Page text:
On 1 July, Croatia will become the 28th member state of the European Union, having cleared all the accession hurdles. It may come as a surprise to British Eurosceptics that there is still a queue of countries wanting to join the EU, but despite the ongoing economic and financial problems of the eurozone the EU project remains something to which newly democratic countries of eastern Europe, in particular, remain committed. This point was stressed by Croatia’s Ambassador to London, Ivan Grdesic, when he spoke at a lunch hosted by the Association of European Journalists (AEJ) British Section at Europe House in Smith Square today. Croatia will be one of the smaller EU states, with a population of under 5 million (even including Croats living in Bosnia Herzogovina, most of whom hold joint citizenship), but it recognizes that being part of the EU brings not only the benefits of being part of the Single Market but also should strengthen democratic transparency inside Croatia and the fight against corruption, which remains a factor in several Balkan nations. Of course there will be some downsides; when Croatia becomes a full member of the Schengen Agreement it will have to consolidate its borders with non-EU states, and it is going to have to introduce visas for tourists from countries such as Russia and Turkey. However, Croatia will be a significant beneficiary of EU funds, helping develop its infrastructure, industry and agriculture. There was some lively discussion with the Ambassador about the legacy of not only Communist Marshal Tito but also the distinctly right-wing and authoritarian President Franjo Tudjman, who was in power during the 1990s, not to mention the unfortunate earlier period of Croatia’s existence as an “independent” state during the Second World War when the fascist Ustasha ruled. It is a remarkable tribute to how far Croatia has come from those dark days on 70-odd years ago that now it is on the doorstep of EU membership. And who is next waiting in the wings? Probably Iceland!
Posts Tagged ‘EU enlargement’
Posted by jonathanfryer on Monday, 8th April, 2013
Posted in Uncategorized | Tagged: AEJ, Bosnia Herzogovina, Croatia, EU, EU enlargement, Europe House, eurozone, Franjo Tudjman, Iceland, Ivan Grdesic, Marshal Tito, Schengen Agreement, Ustasha | Leave a Comment »
Posted by jonathanfryer on Saturday, 12th January, 2013
When the former Yugoslavia broke up in the early 1990s, the immediate concern of the new states created was to secure their boundaries and to establish the apparatus of a national government. But most also dreamed of the day when they could complete the transition from Communist province to full member state of the European Union. Slovenia — which has always thought of itself as being in central Europe rather than the western Balkans — was the first to achieve that goal, in 2004; Croatia will follow suit this year. But the next is likely to be tiny Montenegro, which only declared independence (from a rump Yugoslavia made up mainly of Serbia) in 2006. Last night, the tiny republic’s chief negotiator for Montenegro’s accession to the EU, Aleksandar Andrija Pejovic, joined London Tory MEP Charles Tannock — who is the relevant rapporteur in the European Parliament — at Europe House to give a presentation on Montenegro’s progress. The government has managed to put together an impressive array of committees and structures in Podgorica to manage the adjustment of Montenegro’s laws and practices to fit in with the EU’s massive acquis communautaire. Interestingly, a sizeable majority of the key people in that process are women. Moreover, local NGOs have been integrated into the deliberations, which is a first. Nonetheless, it is unlikely that Montenegro will complete the accession process before the end of the decade. This is partly because the EU is going through a difficult time at present but also because there is general recognition that Romania and Bulgaria were unwisely fast-tracked into membership in 2007 before they had sorted out some serious deficiencies. As Charles Tannock warned, Montenegro also needs to tackle some issues around corruption and organised crime. But it should become the 29th EU member state one day — or the 30th, if Iceland gets its act together and races past on the inside track.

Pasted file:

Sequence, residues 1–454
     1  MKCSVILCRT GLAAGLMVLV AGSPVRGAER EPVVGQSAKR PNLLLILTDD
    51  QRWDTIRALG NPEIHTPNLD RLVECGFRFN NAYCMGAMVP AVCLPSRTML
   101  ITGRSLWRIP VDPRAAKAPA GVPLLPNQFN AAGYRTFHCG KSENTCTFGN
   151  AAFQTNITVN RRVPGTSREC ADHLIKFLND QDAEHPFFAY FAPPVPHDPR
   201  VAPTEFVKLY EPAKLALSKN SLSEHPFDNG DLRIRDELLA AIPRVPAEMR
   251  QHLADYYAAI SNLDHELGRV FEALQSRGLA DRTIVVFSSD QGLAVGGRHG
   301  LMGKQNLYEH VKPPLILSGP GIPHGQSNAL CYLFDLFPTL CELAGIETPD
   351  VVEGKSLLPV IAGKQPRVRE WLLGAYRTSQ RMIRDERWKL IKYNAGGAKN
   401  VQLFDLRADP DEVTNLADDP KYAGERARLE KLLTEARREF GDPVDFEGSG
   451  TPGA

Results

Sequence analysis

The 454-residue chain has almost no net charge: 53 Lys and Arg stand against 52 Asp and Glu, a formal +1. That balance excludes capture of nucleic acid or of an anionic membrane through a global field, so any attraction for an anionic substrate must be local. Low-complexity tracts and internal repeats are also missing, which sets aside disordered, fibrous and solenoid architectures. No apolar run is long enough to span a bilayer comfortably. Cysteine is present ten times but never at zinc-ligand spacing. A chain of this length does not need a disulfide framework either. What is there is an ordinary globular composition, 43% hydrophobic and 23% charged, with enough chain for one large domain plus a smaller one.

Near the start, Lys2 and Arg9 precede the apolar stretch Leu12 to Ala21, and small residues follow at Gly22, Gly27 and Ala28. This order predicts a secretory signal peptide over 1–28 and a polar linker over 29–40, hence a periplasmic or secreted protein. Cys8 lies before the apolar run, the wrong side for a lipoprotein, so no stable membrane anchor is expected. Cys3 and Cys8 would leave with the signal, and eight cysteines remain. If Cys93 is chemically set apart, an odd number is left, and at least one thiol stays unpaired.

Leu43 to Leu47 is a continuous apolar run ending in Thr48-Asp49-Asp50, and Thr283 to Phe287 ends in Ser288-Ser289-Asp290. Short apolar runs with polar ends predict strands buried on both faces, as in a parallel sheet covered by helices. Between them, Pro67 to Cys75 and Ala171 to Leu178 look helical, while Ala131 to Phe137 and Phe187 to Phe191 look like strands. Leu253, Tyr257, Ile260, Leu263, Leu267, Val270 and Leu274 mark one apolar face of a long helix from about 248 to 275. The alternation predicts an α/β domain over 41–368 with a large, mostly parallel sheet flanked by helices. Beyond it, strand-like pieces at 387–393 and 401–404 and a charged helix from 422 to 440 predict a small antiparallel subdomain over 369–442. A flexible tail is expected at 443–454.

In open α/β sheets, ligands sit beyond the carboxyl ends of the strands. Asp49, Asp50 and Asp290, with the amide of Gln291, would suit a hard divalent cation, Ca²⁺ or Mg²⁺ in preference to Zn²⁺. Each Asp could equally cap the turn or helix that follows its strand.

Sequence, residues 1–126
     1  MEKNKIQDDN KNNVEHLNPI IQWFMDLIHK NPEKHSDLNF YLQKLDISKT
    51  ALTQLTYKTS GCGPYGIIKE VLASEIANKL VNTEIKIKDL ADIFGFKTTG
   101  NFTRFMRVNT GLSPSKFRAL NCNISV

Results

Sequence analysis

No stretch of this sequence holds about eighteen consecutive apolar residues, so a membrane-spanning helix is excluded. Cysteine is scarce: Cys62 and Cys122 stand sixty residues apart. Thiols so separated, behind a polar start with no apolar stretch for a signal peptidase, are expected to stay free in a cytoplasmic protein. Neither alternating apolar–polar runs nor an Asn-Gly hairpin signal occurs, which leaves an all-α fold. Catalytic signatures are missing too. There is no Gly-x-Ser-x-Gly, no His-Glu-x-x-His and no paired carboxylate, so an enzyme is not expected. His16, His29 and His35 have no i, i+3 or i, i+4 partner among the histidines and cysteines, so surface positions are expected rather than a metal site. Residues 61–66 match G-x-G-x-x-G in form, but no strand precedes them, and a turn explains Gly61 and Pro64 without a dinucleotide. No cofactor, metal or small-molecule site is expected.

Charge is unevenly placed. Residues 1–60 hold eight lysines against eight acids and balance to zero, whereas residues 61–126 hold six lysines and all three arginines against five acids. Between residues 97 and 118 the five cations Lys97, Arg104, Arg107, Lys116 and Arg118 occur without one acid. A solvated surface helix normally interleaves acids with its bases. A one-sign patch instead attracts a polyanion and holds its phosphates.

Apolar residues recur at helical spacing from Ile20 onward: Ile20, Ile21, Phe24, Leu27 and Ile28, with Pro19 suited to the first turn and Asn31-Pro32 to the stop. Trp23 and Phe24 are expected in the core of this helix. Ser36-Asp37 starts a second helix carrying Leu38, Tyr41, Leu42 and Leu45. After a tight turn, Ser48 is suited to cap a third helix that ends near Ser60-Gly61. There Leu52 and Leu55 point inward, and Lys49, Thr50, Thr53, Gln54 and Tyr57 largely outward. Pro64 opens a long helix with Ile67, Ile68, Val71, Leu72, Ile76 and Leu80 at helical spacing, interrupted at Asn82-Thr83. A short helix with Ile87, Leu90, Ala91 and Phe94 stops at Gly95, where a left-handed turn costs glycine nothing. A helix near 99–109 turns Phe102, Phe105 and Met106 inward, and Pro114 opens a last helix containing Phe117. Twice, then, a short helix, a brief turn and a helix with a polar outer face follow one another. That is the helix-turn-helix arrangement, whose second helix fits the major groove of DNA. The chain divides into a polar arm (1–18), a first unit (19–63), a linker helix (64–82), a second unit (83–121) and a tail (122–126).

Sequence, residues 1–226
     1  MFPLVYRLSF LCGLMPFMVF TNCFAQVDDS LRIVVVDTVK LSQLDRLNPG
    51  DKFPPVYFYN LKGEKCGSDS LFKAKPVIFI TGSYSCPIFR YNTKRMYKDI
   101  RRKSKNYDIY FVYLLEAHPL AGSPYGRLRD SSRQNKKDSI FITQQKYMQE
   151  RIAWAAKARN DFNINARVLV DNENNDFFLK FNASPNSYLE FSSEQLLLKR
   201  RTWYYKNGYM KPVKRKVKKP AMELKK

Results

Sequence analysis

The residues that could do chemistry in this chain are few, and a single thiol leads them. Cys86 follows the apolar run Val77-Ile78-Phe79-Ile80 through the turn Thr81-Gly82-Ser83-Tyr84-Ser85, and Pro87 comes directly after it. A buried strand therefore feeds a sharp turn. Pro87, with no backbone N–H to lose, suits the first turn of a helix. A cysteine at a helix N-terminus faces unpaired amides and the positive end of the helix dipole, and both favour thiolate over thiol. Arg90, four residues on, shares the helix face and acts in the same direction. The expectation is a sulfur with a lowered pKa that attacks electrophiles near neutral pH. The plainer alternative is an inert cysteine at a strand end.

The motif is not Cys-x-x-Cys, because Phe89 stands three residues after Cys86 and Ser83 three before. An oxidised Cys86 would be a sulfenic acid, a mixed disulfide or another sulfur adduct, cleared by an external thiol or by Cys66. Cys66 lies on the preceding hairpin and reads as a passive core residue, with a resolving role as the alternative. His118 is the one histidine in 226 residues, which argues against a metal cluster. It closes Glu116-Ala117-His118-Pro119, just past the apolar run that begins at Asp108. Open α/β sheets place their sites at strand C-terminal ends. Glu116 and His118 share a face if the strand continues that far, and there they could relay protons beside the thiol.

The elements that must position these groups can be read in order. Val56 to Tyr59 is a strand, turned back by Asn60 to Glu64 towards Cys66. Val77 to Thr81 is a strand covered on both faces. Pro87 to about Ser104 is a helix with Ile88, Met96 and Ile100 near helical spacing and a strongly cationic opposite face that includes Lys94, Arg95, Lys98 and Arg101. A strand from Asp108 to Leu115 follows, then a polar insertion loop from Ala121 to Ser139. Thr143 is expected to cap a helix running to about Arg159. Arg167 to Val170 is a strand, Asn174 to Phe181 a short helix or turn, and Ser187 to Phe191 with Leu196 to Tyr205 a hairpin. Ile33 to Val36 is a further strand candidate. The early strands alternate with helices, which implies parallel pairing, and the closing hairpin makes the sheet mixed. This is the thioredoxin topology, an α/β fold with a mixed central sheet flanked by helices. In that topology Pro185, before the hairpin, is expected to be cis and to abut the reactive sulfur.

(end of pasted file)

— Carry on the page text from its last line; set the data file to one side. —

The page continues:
Posted in Uncategorized | Tagged: Aleksandar Andrija Pejovic, Bulgaria, Charles Tannock, Croatiam, EU enlargement, Europe House, European Parliament, Montenegro, Podgorica, Romania, Serbia, Slovenia, Yugoslavia | Leave a Comment »
Posted by jonathanfryer on Thursday, 3rd January, 2013